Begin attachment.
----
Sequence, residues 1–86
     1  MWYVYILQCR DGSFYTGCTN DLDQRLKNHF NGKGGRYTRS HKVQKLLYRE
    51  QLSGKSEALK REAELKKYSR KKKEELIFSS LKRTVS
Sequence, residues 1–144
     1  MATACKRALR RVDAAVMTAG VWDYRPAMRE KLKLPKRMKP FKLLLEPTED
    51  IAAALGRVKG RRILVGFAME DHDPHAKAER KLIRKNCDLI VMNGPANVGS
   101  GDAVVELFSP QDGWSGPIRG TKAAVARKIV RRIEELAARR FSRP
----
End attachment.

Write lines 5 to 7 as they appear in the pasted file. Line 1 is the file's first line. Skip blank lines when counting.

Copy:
     1  MATACKRALR RVDAAVMTAG VWDYRPAMRE KLKLPKRMKP FKLLLEPTED
    51  IAAALGRVKG RRILVGFAME DHDPHAKAER KLIRKNCDLI VMNGPANVGS
   101  GDAVVELFSP QDGWSGPIRG TKAAVARKIV RRIEELAARR FSRP